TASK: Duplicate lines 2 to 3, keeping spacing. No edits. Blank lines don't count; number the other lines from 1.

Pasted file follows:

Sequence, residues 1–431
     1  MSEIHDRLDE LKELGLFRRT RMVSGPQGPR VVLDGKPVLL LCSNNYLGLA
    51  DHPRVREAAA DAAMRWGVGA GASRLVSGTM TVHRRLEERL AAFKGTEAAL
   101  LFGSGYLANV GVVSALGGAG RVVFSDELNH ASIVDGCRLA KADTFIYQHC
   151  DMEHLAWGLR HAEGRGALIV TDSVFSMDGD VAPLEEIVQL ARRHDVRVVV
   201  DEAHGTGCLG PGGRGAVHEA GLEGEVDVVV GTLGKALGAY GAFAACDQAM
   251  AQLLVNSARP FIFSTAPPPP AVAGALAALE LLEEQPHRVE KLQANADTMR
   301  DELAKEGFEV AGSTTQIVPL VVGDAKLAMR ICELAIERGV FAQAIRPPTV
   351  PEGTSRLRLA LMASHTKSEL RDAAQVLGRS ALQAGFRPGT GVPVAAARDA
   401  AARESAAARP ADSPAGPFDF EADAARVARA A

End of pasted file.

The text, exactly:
     1  MSEIHDRLDE LKELGLFRRT RMVSGPQGPR VVLDGKPVLL LCSNNYLGLA
    51  DHPRVREAAA DAAMRWGVGA GASRLVSGTM TVHRRLEERL AAFKGTEAAL